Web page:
Contact: Marge Post, 928-524-6228 x264
Science Camp Sponsored by Petrified Forest National Park and Holbrook School District
Petrified Forest, AZ – Excavating fossils and discovering petroglyphs were highlights of the Science Camp sponsored by Petrified Forest National Park and the Holbrook School District June 22 and 23, 2006. “We wanted to give students the opportunity to find out that science is fun. What better way to do that than to get them out in the field, seeing and doing science,” said Superintendent Lee Baiza.
On Thursday, Holbrook Junior High students Chris Irwin and Aaron O’Dell along with Junior High Science teacher Mark LeFevre and High School Science teacher Darrin Thomas, learned about fossils from park Paleontologist Bill Parker during a behind-the-scenes tour of the park’s fossil preparatory lab. “Bill was able to show the students fossils that represent new species of animals from the Late Triassic – animals not known to exist before!” said Superintendent Baiza. The group then took to the badlands, finding, identifying, and actually excavating the fossil remains of a possible phytosaur lower jaw.
On Friday, Museum Curator Scott Williams introduced the group to natural and cultural artifacts in the park’s on-site museum. “The students saw everything from type specimen fossil material and ancestral Puebloan pottery to historic artifacts collected along Historic Route 66,” stated Superintendent Baiza. The group then went out in the field to look for petroglyphs and do a site survey, trying to determine the historic use of an area based on the evidence on-site.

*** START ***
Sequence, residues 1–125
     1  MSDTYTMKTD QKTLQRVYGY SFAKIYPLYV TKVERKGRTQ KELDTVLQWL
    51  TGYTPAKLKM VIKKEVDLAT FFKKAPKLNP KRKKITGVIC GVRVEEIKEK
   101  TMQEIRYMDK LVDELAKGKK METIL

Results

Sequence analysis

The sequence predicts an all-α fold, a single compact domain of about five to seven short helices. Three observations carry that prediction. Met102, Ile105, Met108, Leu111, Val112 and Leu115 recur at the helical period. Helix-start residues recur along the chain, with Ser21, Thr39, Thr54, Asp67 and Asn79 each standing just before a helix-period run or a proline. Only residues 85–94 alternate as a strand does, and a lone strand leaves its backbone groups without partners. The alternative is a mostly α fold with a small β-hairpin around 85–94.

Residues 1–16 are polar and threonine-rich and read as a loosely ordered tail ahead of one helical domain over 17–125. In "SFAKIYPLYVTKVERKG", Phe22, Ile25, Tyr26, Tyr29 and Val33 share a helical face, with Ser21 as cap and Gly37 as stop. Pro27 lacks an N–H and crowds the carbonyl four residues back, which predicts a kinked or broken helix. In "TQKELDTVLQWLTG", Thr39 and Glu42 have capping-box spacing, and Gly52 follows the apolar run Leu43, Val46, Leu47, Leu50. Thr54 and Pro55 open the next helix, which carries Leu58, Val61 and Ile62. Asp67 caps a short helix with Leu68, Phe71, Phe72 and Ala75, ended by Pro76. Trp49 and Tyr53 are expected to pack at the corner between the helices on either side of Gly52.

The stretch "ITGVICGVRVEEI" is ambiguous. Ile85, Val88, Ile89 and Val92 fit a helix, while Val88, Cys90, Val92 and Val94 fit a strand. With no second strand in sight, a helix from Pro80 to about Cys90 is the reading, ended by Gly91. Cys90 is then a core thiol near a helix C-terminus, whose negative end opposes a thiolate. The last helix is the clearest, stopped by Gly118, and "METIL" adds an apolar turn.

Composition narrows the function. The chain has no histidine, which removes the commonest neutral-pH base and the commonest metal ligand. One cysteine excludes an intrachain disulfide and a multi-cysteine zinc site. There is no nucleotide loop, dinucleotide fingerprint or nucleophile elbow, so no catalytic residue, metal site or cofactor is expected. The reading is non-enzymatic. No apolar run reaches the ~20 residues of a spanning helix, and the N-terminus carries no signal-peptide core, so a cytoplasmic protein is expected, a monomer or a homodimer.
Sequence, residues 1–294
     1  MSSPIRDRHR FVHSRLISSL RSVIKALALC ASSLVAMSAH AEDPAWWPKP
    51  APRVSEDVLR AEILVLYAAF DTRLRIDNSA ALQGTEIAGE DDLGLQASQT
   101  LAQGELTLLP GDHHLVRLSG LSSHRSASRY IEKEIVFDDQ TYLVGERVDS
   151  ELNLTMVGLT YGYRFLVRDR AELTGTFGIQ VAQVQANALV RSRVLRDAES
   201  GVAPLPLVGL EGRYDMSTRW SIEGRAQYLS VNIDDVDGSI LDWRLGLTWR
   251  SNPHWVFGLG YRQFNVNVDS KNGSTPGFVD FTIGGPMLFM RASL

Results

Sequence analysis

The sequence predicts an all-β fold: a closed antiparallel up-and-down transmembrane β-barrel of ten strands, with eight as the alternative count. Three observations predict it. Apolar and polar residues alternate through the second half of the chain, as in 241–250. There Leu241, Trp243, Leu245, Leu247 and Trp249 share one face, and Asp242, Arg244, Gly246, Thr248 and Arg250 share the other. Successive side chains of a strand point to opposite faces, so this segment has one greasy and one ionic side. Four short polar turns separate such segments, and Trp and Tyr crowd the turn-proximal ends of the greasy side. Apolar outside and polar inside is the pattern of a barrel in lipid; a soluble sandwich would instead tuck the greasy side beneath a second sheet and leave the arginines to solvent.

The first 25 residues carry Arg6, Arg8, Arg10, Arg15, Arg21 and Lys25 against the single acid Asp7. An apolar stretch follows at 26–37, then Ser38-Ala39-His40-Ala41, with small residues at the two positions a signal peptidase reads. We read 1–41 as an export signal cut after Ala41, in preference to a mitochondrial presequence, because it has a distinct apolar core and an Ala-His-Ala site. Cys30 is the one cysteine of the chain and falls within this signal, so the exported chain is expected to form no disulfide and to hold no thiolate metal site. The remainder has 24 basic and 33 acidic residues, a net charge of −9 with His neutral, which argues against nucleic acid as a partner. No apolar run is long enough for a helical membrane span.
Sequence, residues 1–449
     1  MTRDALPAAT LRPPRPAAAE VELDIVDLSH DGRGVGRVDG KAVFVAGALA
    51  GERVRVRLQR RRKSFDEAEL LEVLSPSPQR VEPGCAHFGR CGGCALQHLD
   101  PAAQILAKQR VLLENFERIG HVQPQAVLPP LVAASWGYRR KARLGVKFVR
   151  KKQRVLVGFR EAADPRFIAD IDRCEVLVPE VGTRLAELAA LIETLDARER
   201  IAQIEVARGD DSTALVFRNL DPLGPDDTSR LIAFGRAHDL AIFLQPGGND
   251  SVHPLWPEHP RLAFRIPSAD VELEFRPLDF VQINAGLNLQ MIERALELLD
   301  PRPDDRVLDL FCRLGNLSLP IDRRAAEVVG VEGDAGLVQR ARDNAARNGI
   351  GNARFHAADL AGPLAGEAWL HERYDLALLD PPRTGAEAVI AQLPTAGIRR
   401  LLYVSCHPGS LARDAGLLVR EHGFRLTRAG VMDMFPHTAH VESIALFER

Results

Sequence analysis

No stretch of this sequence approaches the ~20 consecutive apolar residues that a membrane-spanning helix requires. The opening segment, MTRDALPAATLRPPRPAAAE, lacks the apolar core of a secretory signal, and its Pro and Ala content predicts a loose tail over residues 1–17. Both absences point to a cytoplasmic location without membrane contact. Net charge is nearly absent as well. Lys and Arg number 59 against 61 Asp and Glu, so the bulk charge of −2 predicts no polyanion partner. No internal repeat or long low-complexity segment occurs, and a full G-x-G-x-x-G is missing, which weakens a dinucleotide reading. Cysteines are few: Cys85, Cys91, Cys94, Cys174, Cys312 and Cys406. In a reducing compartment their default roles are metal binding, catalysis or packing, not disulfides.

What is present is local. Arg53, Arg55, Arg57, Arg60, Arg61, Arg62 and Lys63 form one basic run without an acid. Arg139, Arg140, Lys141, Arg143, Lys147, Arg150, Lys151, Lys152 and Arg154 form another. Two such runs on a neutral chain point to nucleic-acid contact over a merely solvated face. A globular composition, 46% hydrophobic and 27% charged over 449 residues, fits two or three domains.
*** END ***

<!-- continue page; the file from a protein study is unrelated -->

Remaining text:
“The Science Camp was a great experience that I hope we will offer yearly,” said Superintendent Baiza.
For more information call (928) 524-6228 weekdays, 8:00 a.m. to 4:00 p.m. Mountain Standard Time; or write to the Superintendent, Petrified Forest National Park, P.O. Box 2217, Petrified Forest, AZ 86028; or e-mail the park Superintendent at e-mail us.
Did You Know?
Petrified wood was so abundant when the ancestral Puebloan people were living in the area that they used it not only for stone tools but also as building material, such as the "brick" used in Agate House at Petrified Forest National Park.